In 1830, orthopedic technician-turned-orthopedic surgeon Bernhard Heine shook up the medical and physical sciences with a new medical chainsaw invention. Heine had designed and built many of his own instruments and appliances through the years, but nothing was as renowned as his chain osteotome.

Similar to the modern chainsaw (which bears a slight resemblance to the chain osteotome), the instrument had little “teeth on the exterior, grooves on the inside corresponding to spurs on the motive wheel,” according to Tizzano’s circa 1889 copy of George Tiemann & Co.’s Surgical Instruments catalog. It also had a “thin, knife-like plate (deeply grooved longitudinally), over which, and the motive wheel, the saw is extended.”

Heine’s osteotome had a hand crank and could cut through bone comparatively quickly, saving the patient from blows of a hammer and chisel or the jarring of a regular amputation saw. (This was golden, considering anesthesia was rarely used at the time.)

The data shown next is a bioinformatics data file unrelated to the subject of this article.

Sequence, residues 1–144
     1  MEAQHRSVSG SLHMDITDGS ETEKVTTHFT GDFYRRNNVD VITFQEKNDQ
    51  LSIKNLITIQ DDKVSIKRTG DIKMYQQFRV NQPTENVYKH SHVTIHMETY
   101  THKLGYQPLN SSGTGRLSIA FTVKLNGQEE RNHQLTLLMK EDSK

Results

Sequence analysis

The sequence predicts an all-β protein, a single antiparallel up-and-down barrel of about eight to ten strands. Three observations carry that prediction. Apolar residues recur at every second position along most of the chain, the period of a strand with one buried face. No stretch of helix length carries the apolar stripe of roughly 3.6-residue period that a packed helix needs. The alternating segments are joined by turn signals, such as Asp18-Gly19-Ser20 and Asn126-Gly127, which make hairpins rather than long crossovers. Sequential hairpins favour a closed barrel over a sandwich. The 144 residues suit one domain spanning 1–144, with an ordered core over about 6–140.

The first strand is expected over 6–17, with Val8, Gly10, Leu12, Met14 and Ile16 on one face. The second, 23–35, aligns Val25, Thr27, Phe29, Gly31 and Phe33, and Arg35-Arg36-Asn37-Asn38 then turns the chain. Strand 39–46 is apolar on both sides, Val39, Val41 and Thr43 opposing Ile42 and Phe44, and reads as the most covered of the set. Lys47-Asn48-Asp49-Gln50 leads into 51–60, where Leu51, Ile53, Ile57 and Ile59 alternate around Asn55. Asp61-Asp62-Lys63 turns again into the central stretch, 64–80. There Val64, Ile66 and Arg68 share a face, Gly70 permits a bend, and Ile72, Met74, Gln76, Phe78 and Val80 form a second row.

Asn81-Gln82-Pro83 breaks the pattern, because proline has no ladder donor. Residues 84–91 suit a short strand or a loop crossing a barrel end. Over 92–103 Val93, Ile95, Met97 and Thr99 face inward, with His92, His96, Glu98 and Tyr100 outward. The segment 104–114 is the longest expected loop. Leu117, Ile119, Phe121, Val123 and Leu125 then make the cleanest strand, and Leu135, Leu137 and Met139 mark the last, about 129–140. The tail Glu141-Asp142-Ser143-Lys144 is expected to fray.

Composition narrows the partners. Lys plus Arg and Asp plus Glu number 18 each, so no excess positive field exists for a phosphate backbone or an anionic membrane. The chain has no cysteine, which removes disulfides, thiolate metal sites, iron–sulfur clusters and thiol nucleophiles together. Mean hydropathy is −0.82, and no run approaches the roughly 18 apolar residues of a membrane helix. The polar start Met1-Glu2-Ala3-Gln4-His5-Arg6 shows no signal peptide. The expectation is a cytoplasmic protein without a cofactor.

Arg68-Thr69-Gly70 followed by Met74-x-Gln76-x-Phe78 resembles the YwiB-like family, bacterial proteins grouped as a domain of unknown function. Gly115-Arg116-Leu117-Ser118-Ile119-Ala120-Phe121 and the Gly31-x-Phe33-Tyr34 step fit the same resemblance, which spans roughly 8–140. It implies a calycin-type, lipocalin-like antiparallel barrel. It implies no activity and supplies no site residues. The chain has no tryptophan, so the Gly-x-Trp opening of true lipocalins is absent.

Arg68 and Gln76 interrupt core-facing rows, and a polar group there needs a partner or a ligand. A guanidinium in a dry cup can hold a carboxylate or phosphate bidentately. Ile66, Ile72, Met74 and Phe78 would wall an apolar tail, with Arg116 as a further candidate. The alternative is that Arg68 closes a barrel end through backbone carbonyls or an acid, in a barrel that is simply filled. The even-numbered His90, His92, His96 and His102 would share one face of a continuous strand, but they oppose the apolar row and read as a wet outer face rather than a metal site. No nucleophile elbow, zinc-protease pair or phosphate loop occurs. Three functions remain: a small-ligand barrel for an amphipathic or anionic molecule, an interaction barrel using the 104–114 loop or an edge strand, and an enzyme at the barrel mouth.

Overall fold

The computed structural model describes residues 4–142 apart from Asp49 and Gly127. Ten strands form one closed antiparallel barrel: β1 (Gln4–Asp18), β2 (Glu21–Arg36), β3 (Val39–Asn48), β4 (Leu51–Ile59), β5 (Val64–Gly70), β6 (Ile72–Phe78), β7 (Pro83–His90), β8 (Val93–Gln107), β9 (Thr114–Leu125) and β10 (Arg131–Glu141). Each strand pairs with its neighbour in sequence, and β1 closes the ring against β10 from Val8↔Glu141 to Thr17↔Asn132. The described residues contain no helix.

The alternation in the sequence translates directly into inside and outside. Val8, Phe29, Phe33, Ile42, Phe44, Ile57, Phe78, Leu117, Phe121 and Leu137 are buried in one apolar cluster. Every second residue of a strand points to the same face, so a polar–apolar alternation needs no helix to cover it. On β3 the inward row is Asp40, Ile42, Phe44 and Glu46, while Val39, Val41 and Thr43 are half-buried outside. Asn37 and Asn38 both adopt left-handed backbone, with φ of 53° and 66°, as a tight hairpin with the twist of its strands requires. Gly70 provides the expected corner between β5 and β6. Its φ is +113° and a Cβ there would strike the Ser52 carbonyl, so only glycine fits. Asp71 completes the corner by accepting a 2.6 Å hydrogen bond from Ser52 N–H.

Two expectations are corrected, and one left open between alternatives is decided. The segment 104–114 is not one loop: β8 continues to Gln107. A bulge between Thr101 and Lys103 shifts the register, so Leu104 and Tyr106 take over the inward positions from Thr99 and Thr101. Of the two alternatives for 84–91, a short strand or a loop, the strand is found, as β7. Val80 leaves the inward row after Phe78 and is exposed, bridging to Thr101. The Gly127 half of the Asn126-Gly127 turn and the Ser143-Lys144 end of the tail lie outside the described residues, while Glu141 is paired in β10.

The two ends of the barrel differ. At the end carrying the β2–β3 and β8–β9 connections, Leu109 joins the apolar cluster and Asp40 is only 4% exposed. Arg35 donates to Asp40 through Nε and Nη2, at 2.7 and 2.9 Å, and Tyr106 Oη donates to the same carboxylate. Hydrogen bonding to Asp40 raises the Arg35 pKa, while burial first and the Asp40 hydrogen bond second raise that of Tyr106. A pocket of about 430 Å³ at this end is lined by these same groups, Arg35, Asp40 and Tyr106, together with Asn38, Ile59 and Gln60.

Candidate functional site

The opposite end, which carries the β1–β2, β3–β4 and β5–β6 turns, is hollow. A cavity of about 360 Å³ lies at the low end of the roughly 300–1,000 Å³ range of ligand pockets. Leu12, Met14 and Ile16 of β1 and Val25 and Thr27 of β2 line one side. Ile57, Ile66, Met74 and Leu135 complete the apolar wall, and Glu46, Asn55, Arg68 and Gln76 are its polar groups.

Symphysiotomies were still being performed then, but the osteotome was never used for this surgical procedure, Tizanno assures, as the operation required an initial approach that was not possible with Heine’s version of the chainsaw.

However, the osteotome was adjustable, making it ideal for other delicate surgeries. Guards on the chainsaw could be configured to minimize the area of the patient that had to be cut. This prevented soft-tissue damage, which allowed surgeons to perform surgical procedures like craniotomies without splintering bones or damaging surrounding tissue, including the brain.

There were some drawbacks to the osteotome, though. It was a pricy surgical instrument, ringing in at $300 in Tiemann’s 1872 catalogue compared to just $5 for standard medical chainsaws. (These days, pristine, cased and complete examples of antique Heine osteotomes have sold for upward of $30,000, Tizzano says.) Furthermore, using it required a great deal of skill and, unfortunately, Heine was one of the few who mastered it.

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